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What is Switzerland’s data-safe ‘light’ Covid certificate?

What is Switzerland’s data-safe ‘light’ Covid certificate?
Switzerland's Covid certificate will allow you to do a variety of things - what is the light version? Photo: Pau BARRENA / AFP
Switzerland is set to launch a ‘light’ Covid certificate in response to data protection concerns on July 12th. Unlike the standard Covid certificate, it will only be available in Switzerland.

In addition to concerns about forgery, one of the major worries surrounding Switzerland’s coronavirus immunity card has been data protection. 

As a result, Switzerland in July is set to launch a ‘light’ Covid certificate, which minimises the health data visible when the certificate is scanned. 

The light certificate will allow holders to generate a copy of their actual Covid certificate, however where the underlying data – i.e. which vaccine they had, whether they have recovered from the virus or whether they tested negative – will not be visible to the person scanning the copy. 

READ MORE: How to get Switzerland’s Covid-19 health pass

The certificates will be available from July 12th, 2021. 

According to the official guidance, the certificate will only be available electronically.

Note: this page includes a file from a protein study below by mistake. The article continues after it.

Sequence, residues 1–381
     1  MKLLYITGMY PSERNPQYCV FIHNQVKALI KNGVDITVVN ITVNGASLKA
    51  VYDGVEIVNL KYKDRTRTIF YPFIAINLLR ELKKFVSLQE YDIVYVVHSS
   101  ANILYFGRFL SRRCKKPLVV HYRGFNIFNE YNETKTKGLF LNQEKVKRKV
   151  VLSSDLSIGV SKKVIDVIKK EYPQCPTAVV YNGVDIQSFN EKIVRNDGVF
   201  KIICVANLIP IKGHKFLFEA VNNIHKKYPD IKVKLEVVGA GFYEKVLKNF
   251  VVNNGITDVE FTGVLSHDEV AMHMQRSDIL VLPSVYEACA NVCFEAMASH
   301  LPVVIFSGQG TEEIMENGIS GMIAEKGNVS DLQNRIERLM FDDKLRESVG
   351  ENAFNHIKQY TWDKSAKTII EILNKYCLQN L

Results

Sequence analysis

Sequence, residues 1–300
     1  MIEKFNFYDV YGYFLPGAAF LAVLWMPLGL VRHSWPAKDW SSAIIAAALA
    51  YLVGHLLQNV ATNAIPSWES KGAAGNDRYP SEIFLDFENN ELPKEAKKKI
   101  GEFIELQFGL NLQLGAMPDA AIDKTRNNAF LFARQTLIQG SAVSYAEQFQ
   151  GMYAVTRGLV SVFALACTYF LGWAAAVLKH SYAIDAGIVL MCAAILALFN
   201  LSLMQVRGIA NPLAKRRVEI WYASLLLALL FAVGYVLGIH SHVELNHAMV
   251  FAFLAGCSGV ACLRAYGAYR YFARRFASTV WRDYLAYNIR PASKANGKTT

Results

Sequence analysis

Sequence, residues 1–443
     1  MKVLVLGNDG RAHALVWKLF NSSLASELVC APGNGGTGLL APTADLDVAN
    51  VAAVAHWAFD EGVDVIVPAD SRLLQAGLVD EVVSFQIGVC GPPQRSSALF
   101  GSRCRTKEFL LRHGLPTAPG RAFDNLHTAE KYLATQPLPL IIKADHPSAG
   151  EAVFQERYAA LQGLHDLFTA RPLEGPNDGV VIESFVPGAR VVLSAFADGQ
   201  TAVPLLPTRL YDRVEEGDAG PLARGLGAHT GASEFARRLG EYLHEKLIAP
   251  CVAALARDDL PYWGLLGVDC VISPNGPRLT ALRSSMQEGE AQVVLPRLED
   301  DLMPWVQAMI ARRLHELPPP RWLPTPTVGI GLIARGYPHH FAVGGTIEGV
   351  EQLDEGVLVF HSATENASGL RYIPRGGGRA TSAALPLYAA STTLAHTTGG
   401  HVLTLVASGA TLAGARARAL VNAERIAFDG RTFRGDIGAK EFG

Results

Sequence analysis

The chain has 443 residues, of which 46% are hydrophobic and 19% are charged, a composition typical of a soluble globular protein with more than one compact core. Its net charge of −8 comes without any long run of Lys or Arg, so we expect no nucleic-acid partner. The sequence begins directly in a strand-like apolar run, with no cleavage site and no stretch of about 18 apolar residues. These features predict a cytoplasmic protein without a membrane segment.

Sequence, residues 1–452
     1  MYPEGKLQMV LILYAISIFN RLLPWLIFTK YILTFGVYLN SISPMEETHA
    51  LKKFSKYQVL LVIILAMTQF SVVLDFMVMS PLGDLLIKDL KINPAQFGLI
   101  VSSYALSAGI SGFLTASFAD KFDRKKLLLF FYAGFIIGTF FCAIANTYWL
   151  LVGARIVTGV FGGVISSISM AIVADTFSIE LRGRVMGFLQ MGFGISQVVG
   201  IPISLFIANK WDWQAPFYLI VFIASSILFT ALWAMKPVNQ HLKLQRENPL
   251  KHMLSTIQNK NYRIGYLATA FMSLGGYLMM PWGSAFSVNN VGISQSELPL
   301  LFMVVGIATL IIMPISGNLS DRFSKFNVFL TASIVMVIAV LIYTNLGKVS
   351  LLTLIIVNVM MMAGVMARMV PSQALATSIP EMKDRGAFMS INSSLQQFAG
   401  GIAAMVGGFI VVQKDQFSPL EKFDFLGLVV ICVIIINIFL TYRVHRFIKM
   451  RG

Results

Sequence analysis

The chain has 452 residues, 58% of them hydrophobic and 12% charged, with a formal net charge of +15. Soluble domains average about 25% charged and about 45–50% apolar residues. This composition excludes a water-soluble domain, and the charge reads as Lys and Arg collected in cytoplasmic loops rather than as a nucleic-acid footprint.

Unlike the standard Covid certificate, the certificate will only be for use domestically – i.e. it will not be compatible with the European Union Covid certificate framework. 

Therefore, while it will allow you to do certain things in Switzerland, international travel will not be one of them. 

More information about the light Covid certificate is available at the following link (in English). 

How will the Covid-19 health pass work? 

As at June 9th, it appears that the health pass – also known as a Covid-19 pass, Covid certificate, green passport or Covid passport – will operate on a three-tiered colour system. 

Three colours – green, orange and red – will be assigned to different areas of life in Switzerland. 

Those areas designated green will be deemed as elementary to life and therefore protected by basic freedoms – which means that the Covid-19 pass will not be required to access these areas. 

This includes shops, schools and educational facilities, the workplace (including canteens), public transport and religious venues. 

Private events will also be deemed ‘green’. 

The next category, orange, will relate to places which are popular with people but not fundamental, for instance bars, restaurants and cinemas. 

Events with up to 1,000 attendees will be included here, such as trade fairs, sporting events, etc. 

Amateur sport and activities of cultural associations will be included here, as will visiting old people’s homes. 

In ‘orange’ places, operators will be given the freedom to decide which rules they put in place – and whether they allow persons with the health certificate or not. 

Finally, red areas include “sensitive epidemiological areas” which will require additional protection. If venues do require certificates, they will be allowed to relax other rules, such as those requiring masks or social distancing rules. 

These will include larger events (more than 1,000 people) and international travel, along with nightclubs and larger events involving dancing. 


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